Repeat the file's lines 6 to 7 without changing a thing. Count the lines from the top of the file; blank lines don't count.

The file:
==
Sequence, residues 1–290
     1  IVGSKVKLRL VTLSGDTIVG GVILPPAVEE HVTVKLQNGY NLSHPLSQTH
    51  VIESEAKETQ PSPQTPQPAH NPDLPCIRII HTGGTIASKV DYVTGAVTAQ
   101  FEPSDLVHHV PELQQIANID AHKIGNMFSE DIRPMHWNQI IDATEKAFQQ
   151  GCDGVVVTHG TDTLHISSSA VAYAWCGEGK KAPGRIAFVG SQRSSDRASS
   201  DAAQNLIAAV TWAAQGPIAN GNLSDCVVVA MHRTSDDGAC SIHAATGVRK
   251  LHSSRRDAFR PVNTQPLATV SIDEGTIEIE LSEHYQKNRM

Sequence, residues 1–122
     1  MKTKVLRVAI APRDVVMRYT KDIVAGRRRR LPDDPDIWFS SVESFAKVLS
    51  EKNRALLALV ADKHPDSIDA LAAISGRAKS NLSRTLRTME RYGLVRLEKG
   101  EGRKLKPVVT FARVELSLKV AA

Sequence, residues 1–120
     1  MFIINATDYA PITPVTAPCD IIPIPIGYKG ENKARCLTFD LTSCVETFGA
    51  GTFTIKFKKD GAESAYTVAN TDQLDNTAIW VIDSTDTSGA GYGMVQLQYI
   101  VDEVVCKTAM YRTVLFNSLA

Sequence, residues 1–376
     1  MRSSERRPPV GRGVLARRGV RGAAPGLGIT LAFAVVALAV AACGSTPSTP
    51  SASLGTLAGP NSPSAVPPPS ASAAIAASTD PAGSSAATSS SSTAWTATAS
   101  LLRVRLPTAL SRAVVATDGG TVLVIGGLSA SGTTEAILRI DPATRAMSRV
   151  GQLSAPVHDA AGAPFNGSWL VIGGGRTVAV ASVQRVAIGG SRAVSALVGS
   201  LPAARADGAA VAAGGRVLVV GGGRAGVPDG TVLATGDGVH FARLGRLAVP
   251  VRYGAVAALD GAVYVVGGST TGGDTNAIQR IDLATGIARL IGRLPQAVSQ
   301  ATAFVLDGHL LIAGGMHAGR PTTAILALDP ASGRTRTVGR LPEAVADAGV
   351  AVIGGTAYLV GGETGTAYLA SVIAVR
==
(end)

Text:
   201  DAAQNLIAAV TWAAQGPIAN GNLSDCVVVA MHRTSDDGAC SIHAATGVRK
   251  LHSSRRDAFR PVNTQPLATV SIDEGTIEIE LSEHYQKNRM